Sanctuary Grove Estate, situated near the entry to pristine Bribie Island, is a fine example of how careful environmental management can enhance a community.
Urban planning studies have shown that parks, gardens, and green spaces in urban areas improve the wellbeing and the quality of life of residents.
One such study done in the UK over a 15 year period involving 5000 people confirmed what behavioural scientists call the ‘green space effect’.
Dr Matthew White at the European Centre for the Environment and Human Health found that individuals reported less mental distress and higher life satisfaction when they were living in greener areas.
For people living busy lifestyles in densely populated areas, being able to get outdoors and access green space is a great way to escape the stresses of day-to-day life.
“These kinds of comparisons are important for policy-makers when trying to decide how to invest scarce public resources, such as for park development or upkeep, and figuring out how much bang they’ll get for their buck,” said Dr White.
“This research could be important for psychologists, public health officials, and urban planners who are interested in learning about the effects that urbanisation and city planning can have on population health and well-being.”
QM Properties engaged landscape company Anembo to consult on Sanctuary Grove, which in turn has seen 25% of the estate being devoted to green space and community open space.
“There was already a proliferation of birds and other wildlife into the area,” said Brian Bird of Anembo. “We came up with a design that enhances the existing vegetation and reinforces the environmental character of the site.”
Brian’s plan utilises ‘bio retention’, in which storm water run-off is channelled through an artificial wetland system of sedges to create a lake.
The lake is also fringed with tufted reeds, cool shady melaleucas, and statuesque eucalyptus.
“The land was planted using principles of permaculture that enhance the existing ecosystem,” said Brian. “It was a very proactive environmental outcome.”
This solution is an elegant response to landscaping and creates a very liveable space for residents. The naturally occurring bush is enhanced by the water solution, turning the public space into a delightful landscape.
Anembo also introduced native fish into the lake, which act as pest control as they feed on unwanted insect larvae.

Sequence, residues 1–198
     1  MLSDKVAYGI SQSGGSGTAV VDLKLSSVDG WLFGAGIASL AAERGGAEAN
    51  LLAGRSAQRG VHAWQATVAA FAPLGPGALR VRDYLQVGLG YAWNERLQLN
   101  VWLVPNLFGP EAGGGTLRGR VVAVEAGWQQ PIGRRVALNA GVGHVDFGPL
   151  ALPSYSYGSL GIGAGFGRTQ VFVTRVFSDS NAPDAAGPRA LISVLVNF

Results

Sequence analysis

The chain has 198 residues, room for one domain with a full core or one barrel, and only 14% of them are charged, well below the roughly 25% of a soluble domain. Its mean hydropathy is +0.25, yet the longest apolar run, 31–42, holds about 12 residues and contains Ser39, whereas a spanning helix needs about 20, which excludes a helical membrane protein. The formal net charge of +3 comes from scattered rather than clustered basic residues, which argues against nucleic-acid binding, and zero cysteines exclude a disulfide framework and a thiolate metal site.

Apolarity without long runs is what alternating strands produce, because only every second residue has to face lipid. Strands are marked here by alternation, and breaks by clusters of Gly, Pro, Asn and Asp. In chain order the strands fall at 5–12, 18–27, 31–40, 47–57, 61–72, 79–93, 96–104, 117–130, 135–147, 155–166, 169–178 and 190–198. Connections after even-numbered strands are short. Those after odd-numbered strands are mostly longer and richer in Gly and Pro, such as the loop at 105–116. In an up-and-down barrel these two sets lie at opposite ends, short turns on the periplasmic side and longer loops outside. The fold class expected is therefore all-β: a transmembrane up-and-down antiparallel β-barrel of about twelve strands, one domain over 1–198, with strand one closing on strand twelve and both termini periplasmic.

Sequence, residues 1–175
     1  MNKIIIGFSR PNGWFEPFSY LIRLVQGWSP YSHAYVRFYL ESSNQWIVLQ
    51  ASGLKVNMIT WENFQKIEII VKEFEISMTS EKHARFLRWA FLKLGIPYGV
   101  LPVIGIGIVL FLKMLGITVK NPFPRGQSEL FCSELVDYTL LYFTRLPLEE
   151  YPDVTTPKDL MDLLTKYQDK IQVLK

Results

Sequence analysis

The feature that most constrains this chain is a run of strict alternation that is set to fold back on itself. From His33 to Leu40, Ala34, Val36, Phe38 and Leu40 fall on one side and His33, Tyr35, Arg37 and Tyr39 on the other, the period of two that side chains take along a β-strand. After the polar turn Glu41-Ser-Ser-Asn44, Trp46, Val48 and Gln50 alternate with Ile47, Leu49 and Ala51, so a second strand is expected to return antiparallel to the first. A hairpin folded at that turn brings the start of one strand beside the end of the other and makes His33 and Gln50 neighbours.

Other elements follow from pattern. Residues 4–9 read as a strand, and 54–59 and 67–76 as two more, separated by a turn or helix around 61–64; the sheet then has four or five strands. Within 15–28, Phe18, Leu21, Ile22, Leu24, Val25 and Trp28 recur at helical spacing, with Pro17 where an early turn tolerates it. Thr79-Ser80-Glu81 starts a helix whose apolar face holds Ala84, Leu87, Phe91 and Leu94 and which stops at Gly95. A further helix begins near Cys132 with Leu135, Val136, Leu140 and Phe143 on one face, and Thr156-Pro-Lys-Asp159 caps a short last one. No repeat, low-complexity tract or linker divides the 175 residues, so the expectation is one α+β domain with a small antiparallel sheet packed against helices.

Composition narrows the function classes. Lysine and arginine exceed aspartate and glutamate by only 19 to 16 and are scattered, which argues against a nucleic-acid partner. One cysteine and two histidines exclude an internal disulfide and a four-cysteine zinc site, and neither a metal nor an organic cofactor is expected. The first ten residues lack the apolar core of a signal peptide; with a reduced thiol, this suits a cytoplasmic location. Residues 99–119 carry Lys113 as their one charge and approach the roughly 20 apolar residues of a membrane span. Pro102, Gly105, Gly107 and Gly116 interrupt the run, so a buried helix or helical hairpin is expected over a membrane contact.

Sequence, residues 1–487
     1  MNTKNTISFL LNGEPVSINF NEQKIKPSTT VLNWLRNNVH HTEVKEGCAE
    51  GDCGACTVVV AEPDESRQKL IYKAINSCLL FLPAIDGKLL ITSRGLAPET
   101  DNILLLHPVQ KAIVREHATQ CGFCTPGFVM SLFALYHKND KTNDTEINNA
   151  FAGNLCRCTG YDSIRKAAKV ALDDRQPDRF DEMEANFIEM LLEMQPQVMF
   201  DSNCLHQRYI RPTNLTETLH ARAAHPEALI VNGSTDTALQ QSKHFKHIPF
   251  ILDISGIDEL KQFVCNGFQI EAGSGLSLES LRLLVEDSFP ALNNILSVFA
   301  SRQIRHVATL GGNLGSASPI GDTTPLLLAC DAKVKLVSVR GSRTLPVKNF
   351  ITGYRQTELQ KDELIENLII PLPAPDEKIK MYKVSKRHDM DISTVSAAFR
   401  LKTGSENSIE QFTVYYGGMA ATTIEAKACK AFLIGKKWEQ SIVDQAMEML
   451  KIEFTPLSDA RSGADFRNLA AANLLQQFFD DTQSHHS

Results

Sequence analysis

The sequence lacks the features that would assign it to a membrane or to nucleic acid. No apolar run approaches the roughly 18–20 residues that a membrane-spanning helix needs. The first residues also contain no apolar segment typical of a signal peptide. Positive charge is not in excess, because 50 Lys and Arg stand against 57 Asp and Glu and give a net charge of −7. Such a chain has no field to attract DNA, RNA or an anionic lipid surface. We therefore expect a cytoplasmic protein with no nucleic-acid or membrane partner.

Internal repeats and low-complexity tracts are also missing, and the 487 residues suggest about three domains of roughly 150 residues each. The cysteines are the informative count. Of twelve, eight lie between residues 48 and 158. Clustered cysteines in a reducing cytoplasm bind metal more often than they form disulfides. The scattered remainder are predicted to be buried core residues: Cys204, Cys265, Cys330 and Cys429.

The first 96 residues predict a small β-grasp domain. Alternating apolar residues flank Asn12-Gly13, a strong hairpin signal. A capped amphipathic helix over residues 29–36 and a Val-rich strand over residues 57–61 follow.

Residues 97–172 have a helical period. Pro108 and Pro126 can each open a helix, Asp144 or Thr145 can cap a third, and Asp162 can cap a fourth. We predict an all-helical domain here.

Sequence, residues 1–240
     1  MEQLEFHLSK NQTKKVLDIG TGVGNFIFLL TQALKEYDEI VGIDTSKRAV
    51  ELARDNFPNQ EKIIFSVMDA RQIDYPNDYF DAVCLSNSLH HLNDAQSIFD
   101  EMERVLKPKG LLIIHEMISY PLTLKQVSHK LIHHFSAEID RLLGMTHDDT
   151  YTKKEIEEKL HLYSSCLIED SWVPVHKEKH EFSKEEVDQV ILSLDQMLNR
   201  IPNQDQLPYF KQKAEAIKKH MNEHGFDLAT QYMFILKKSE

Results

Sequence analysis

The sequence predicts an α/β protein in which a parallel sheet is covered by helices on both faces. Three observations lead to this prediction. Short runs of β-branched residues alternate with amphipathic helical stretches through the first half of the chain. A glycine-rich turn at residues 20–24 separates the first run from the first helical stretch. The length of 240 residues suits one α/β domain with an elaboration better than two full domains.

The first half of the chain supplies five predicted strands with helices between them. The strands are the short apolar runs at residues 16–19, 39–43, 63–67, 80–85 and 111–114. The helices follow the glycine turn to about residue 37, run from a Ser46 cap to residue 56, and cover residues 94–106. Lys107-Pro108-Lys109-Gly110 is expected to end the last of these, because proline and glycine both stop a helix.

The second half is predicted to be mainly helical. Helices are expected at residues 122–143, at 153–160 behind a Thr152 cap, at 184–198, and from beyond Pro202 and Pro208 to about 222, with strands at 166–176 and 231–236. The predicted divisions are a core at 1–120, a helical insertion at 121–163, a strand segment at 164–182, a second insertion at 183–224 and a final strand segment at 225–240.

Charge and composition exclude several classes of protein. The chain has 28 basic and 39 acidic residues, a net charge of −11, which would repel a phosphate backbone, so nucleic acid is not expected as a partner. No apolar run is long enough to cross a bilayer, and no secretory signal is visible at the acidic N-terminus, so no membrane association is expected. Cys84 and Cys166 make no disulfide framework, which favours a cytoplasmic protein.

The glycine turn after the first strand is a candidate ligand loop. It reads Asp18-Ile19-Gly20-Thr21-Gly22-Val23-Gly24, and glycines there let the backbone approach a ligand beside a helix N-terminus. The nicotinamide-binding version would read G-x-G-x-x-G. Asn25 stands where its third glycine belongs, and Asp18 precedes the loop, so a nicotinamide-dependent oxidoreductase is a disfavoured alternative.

A boardwalk was constructed around the lake, which links up with bush trails through the estate. The boardwalk protects the native forest and also makes for an easy exercise option.
The lake has viewing areas and picnic cabanas, making it a quiet sanctuary for residents.
Sanctuary Grove is situated at Beachmere, on the road to Bribie, and offers both bush and beach leisure options.
“This is the most elevated acreage land in the area,” said QM Properties Sales Manager Damien Ross. “There are only a handful of blocks left, all around ¾ of an acre in size.”
Some blocks have views of Moreton Bay to the East and the Glasshouse Mountains to the West.
Despite its proximity to this high growth area, Sanctuary Grove is a quiet haven with a semi-rural atmosphere.
“The premise behind Sanctuary Grove was to create a haven that carefully worked with the natural surrounds of the area, which encompasses native trees, creeks, birds, and wildlife,” said Damien.
The current Sustainable Planning Act, through the SEQ Regional Plan, protects 85 per cent of the region from large scale urban development by restricting growth outside the urban footprint.
“This act will make future acreage land in the Moreton Bay Regional Council area, especially east of the Bruce Highway, extremely scarce,” he said.
“Sanctuary Grove gives buyers the opportunity to join a community of sea changers craving the peace and quiet of country acreage,” said Damien.